Foods low in saturated fat: popcorn, nonfat yogurt, skim milk, fig bars, graham crackers, roasted chicken breast, pancakes, 1% cottage cheese, 1% chocolate milk, dried beef
Foods high in monounsaturated fat: black olives, olive oil, almond oil, canola oil, dry almonds, avocados, peanut oil, dry roasted cashes, peanut butter, cooked beef, roasted lamb, roasted veal
Foods high in polyunsaturated fat: safflower oil, sunflower oil, corn oil, dry walnuts, sunflower seeds, margarine, corn oil, canola oil, sesame seeds, pumpkin seeds, tofu

Textbook resources:
*Sport Nutrition for Health and Performance; 2nd Edition.  Manore, Meyer, & Thompson.
**Sports and Exercise Nutrition; 3rd Edition.  McArdle, Katch, & Katch

Health Tip of The Day


About Me

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What do you call the people in my field... Fitness Professionals? Fitness Enthusiasts? I like to think that describes me. I have a Bachelors degree in Exercise Science from UNC-Chapel Hill (2003) and a Masters in Teaching from East Carolina University (2004). I have successfully defended my dissertation for a Ph.D. in Exercise Physiology at Texas A&M, and will officially graduate in May 2014.  During my time at TAMU, I obtained great research experience in the Exercise and Sport Nutrition Lab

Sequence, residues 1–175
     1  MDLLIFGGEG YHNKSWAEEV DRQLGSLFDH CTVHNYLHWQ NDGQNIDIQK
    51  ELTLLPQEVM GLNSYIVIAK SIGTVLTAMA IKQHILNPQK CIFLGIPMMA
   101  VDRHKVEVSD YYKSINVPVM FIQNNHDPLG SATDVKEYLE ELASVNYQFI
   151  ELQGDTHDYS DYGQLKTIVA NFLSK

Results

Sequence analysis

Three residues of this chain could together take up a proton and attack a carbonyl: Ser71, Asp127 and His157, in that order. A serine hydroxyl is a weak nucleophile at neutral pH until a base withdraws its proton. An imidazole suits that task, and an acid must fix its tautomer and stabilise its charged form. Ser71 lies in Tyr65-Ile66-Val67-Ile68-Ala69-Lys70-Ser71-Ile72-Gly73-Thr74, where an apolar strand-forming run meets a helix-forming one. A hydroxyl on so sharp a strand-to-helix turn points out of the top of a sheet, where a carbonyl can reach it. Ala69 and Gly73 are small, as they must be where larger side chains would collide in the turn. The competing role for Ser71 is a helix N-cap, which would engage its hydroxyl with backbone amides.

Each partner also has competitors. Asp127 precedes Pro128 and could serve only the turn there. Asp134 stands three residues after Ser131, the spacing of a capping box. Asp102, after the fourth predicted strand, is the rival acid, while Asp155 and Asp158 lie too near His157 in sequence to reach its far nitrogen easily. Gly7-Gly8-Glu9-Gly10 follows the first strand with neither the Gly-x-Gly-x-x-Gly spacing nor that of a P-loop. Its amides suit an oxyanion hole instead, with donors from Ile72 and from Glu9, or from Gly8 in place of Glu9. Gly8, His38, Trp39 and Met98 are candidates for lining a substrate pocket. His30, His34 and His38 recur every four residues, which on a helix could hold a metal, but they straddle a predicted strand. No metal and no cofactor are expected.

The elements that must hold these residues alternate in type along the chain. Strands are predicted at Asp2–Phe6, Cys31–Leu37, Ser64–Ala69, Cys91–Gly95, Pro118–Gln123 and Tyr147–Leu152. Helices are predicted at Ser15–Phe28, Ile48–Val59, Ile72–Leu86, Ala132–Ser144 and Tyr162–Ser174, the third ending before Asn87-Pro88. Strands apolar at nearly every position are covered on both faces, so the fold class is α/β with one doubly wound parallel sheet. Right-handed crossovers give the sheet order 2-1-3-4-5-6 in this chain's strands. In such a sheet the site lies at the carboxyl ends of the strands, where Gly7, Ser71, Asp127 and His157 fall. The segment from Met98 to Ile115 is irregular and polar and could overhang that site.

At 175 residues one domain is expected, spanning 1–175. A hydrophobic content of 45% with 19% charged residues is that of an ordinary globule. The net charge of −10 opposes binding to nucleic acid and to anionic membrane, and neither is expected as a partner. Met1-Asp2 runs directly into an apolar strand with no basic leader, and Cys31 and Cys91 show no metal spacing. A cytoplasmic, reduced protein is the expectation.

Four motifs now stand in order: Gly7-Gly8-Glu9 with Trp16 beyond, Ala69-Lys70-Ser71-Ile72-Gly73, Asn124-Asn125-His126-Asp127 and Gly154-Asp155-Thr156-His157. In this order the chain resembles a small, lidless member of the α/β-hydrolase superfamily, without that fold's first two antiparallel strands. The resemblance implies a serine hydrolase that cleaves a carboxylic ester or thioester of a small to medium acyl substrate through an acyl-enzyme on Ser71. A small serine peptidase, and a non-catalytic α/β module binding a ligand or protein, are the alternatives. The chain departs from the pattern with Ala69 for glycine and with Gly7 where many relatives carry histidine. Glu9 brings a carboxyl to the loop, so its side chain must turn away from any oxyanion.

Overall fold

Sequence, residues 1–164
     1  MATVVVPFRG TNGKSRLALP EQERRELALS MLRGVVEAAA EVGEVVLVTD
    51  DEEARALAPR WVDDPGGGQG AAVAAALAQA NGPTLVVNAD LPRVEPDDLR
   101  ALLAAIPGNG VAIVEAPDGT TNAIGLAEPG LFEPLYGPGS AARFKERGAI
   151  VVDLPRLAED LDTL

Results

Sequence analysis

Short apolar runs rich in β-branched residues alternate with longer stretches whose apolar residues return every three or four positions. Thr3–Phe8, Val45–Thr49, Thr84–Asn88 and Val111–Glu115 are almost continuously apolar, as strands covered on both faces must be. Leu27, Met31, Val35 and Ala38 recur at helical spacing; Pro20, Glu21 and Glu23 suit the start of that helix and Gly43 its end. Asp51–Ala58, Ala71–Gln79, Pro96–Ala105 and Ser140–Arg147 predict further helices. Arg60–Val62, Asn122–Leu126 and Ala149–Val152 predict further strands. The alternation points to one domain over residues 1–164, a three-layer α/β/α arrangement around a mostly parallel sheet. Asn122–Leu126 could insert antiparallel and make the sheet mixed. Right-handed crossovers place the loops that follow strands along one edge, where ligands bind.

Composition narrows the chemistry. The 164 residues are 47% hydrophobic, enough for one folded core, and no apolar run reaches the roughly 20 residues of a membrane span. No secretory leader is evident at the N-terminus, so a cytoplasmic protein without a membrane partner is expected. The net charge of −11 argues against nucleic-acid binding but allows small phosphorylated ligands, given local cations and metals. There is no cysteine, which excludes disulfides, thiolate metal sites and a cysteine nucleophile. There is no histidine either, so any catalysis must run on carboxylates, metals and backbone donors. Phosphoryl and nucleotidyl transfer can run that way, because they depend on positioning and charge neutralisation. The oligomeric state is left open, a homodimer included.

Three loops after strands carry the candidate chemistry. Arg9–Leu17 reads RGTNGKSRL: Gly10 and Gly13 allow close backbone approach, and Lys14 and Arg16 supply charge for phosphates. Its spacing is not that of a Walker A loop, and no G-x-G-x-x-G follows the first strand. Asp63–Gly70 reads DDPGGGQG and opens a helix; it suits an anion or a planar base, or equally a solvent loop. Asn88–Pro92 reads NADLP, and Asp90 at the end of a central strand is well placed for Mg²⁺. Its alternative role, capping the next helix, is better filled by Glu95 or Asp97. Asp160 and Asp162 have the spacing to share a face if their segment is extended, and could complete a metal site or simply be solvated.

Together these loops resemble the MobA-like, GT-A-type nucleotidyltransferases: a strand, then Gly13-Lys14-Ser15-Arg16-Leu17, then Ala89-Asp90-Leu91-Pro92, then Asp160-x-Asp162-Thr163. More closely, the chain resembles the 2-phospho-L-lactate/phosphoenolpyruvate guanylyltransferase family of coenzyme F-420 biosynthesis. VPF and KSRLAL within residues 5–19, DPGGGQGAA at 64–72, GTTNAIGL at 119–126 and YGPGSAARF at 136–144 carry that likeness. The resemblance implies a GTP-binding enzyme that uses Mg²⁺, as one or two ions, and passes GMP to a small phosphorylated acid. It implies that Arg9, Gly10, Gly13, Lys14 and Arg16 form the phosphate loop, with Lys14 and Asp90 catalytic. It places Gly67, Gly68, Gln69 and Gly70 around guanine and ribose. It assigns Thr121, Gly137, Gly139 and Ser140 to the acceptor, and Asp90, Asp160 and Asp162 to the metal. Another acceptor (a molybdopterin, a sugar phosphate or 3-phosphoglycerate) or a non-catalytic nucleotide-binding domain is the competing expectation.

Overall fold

My background includes managing fitness facilities (both corporate and campus recreation), health promotion work (health screenings, seminars, and health fairs), teaching group exercise (mostly step, sculpting, high energy cardio, and yoga), and personal training (over 10 years of experience). I have taught a personal training certification prep class (using NASM's material), personal health lecture courses, and strength training and yoga activity classes as adjunct faculty at George Mason University, Texas A&M University, and Western Washington University.  I am also currently an Adjunct Assistant Professor at Texas A&M for online undergraduate Health Ed classes including Consumer Health, Environmental Health, and Human Sexuality. 
I love that you need to be continually learning in this field, and have a strong passion for sharing what I learn with others. I have various certifications to include: 
- ACSM Health Fitness Specialist 
- NASM Personal Trainer, Corrective Exercise Specialist, Performance Enhancement Specialist 
- ACE Lifestyle Weight Management Consultant 
- AFAA Group Exercise Instructor 
- YogaFit Levels I and II